Rain Splatter Painting: A Fun Process Art Activity for Toddlers and Preschoolers

making her splatter painting

Rain Splatter Painting

I wanted to offer a process art activity for our rain theme this week that would mimic the phenomenon of real raindrops falling from the sky. I also wanted something that could be done with materials that we already had available in the house. We had bought medium toothbrushes by accident a few months back and I had been itching to find a use for them. By the time we were finished with the activity, the paper was absolutely covered with tiny little (and some not-so-little) blue raindrops. This would be a fun activity for toddlers and preschoolers. This splatter painting is a little messy, so we decided to do it outside.

What you will need to complete this activity:

  • paper
  • washable nontoxic paint (blue is a nice choice)
  • glitter or glitter glue (optional)
  • water
  • small paper or plastic cup to hold the paint
  • toothbrush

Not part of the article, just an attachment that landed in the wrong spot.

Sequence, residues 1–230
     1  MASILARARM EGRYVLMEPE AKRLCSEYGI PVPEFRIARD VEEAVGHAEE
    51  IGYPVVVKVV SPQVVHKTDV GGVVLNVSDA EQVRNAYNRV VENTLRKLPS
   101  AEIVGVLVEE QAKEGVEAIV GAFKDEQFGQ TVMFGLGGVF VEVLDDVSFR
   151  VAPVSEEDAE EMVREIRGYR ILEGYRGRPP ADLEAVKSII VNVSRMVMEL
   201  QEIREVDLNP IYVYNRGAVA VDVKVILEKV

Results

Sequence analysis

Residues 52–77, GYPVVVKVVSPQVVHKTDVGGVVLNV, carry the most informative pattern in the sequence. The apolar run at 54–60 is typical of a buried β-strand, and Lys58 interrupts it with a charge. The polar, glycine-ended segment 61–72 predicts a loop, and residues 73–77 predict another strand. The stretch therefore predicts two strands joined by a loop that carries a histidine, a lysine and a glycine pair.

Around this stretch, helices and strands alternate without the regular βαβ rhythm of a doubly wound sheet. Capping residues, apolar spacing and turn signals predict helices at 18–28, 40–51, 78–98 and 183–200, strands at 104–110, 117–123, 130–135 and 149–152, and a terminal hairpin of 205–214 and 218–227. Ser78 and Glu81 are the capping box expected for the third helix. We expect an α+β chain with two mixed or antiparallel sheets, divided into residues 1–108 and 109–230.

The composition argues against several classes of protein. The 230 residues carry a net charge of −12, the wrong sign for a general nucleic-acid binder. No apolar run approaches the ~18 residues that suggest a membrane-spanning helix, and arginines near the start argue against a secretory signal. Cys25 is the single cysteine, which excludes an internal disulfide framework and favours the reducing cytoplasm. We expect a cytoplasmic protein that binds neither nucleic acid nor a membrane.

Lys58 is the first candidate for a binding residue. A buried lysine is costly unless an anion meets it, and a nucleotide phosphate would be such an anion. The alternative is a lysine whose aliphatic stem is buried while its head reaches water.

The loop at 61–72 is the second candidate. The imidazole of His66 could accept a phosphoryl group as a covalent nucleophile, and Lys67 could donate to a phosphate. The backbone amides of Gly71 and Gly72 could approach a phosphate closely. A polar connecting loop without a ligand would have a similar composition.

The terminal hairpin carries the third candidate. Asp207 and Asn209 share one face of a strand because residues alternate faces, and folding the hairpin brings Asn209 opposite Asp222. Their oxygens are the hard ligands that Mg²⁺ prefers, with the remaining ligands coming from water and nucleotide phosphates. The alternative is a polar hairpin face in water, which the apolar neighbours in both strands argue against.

• Popsicle stick
  • drop cloth (this is necessary if you are doing the project indoors, optional for outdoors)

Making the Painting with Your Child:

To start, you'll need to thin the paint a bit. First we tried a half water, half paint mixture. That was too thin. Instead of sticking to the toothbrush, it just ran off immediately. Eventually, we reached a 2/3 paint, 1/3 water ratio. I found that was thick enough to stick to the toothbrush, but thin enough to fly off in tiny droplets rather than big globules (Yay!). Little M. requested that I add some glitter glue into the mixture, so we did.

To make the paint splatter, simply dip the toothbrush into the paint mixture until it is well coated. Hold the toothbrush bristle side up and scrape the bristles from front to back with the Popsicle stick.

toddler's finished artwork

This activity could be adapted in a few different ways. We noticed that the rocks we used to weight the paper down (it was a bit windy outside) left big white marks on the paper. You could use masking tape to section of bits of the paper to create some sort of design, or you could provide a variety of cardboard shapes (a raindrop, perhaps?) to protect an area of the paper, leaving the “white space” bespeckled with little irregular droplets. Alternatively, you could cut the paper into a raindrop or umbrella shape for the child.

rain painting: process art for toddlers

If you enjoyed this process art activity for toddlers and preschoolers or found it helpful, please share on social media or leave a comment. I would love to hear from you! Happy painting.

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